The Top Five Denver Food Stories in 2015
Expect more multiple concepts under one roof.
Growth and change were the main themes of the past year in Denver — and the restaurant scene was no exception. Fast-paced development has meant more — and more expensive — restaurant spaces, frustrating parking situations, and a wave of newcomers from other states looking for favorite foods they left behind. Most of this year’s big Denver dining stories were a direct result of rapid growth and change, although for one Denver fast-casual chain, its own rapid growth was a factor in making headlines. Here are our top five food-related news stories of the year.
5) Food Poisoning at Chipotle Restaurants
In October, reports began to surface about food-poisoning incidents in Washington and Oregon. The culprit turned out to be E. coli, and fingers pointed to Chipotle Mexican Grill; the homegrown chain closed 43 stores in those two states until the source was found and the restaurants deemed safe. After that, additional cases cropped up in California, Minnesota, New York, Ohio, Illinois and Maryland — a total of 52 in eight states. And then in December, more than 140 guests were sickened with norovirus at one Chipotle outlet in Boston.
While no illnesses were reported in Colorado locations, Denverites were certainly concerned, as the company got its start here. Founder Steve Ells quickly issued an open letter apologizing for the issues and outlining a course of action. “The fact that anyone has become ill eating at Chipotle is completely unacceptable to me, and I am deeply sorry,” he wrote.
If there’s a lesson here, it’s that even “food with integrity” is handled by many people before it hits your plate and ends up in your mouth. We take a risk every time we put food prep into someone else’s hands. Of course, most of us won’t return to preparing all of our food at home — but even if we did, there are still no guarantees that grocery-store food is completely safe. So we’ll continue to enjoy restaurants for the social experience and for great food — but maybe with a touch more apprehension at each cough or sneeze we overhear.
And just last week, a new strain of E. coli was isolated after five more people reported illnesses after eating at Chipotles in North Dakota, Kansas and Oklahoma. The incidents were tied to meals purchased in late November, and the company responded on its website by stating, “None of the ingredients in our restaurants today were present at the time of these illnesses.” Still, the widespread incidents and continuing reports set Chipotle up to be this year’s Jack in the Box.
Cafe Options was one of three charity-based eateries to close in 2015.
4) Restaurant Closings
The total number of restaurants in metro Denver that called it quits this year wasn’t that different from last year’s tally — around a hundred each year. But with fewer openings, the places that shuttered in 2015 — especially those we’ve counted as perennial favorites — made us mourn just a little more. Starting with the loss of Paris on the Platte in January when longtime owner Faye Maguire decided to retire, and culminating with the sale and subsequent closure of Tom’s Home Cookin’ at the beginning of December and the upcoming end of Andre’s Confiserie Suisse, we’ve witnessed restaurateurs closing up shop for a number of different reasons. Trillium, Fuel Cafe and Lower48 Kitchen all garnered critical praise in the Ballpark and River North neighborhoods, but the skyrocketing cost of doing business in a hyper-competitive market proved too burdensome.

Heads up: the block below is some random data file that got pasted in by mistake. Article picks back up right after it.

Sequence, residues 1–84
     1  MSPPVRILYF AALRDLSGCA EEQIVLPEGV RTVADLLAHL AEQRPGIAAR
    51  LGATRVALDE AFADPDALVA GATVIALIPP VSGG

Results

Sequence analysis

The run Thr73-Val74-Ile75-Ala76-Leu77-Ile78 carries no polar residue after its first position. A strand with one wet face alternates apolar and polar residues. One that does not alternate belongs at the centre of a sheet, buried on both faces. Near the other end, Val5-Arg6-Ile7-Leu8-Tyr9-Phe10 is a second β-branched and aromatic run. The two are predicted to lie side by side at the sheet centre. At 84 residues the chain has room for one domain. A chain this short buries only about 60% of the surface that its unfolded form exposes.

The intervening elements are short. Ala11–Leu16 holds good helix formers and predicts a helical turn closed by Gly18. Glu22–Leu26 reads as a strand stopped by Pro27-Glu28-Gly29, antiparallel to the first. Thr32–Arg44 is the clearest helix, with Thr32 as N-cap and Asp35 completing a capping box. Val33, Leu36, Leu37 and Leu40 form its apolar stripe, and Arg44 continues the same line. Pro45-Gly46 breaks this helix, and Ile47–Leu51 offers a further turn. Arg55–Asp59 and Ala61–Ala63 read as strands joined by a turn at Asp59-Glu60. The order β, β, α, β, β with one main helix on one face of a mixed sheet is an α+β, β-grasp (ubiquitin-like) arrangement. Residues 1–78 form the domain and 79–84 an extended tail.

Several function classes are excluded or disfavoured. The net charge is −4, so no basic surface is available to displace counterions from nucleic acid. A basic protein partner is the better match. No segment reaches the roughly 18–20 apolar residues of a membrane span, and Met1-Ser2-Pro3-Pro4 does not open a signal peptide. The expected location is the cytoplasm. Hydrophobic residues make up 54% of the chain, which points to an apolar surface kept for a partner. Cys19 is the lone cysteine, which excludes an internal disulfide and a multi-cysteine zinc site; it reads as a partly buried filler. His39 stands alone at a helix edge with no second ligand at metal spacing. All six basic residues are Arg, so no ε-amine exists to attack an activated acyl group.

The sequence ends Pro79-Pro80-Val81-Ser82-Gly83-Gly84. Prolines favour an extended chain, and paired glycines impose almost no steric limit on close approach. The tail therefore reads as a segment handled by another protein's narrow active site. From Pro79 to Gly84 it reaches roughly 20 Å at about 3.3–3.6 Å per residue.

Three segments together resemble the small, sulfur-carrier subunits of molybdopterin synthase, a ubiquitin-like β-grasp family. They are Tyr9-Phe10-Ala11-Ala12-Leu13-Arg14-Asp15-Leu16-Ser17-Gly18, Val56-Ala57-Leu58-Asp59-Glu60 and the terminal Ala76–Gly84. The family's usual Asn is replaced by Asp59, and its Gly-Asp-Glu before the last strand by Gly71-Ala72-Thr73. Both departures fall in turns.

Others, like the Rustic Tavern, Le Central and Rosa Linda’s Mexican Cafe, closed because the owners were simply ready to retire.
The value of the underlying real estate certainly had something to do with the sale of Tom’s, which reportedly sold for several times the amount that owners Tom Unterwagner and Steve Jankousky paid for the property in the 1990s. And Elitch Lanes and the River North Brewery were both forced out by the wrecking ball (though River North is already in the process of rebuilding elsewhere).
Perhaps saddest of all was the loss of three charitable eateries: Cafe Options, which served as a training ground for impoverished women entering the food-service industry; Pizza Fusion, which gave the homeless a place to work; and the Cafe 180 kiosk, a pay-what-you-can sandwich shop on the 16th Street Mall (though the main restaurant on South Broadway is still up and running).
The Stanley Marketplace will soon bring multiple vendors to Stapleton and Aurora.
Westword file photo.
3) The Rise of Food Halls
In the years just after the recession of 2008, food-truck rallies were a big deal — and a good deal for Denver diners seeking choice and value in one location. While the mobile-food movement has faded from its peak years, the idea for a high-occupancy culinary destination did not. Avanti Food & Beverage was the first to debut in Denver this year, with seven shipping-container kitchens devoted to chefs looking for short-term leases in a collaborative space where they can test their concepts and build their brands. Two central bars operated by Avanti make the two-story space a nighttime draw, while food ranging from Venezuelan arepas to Japanese udon-noodle bowls keeps the place packed from lunchtime to last call.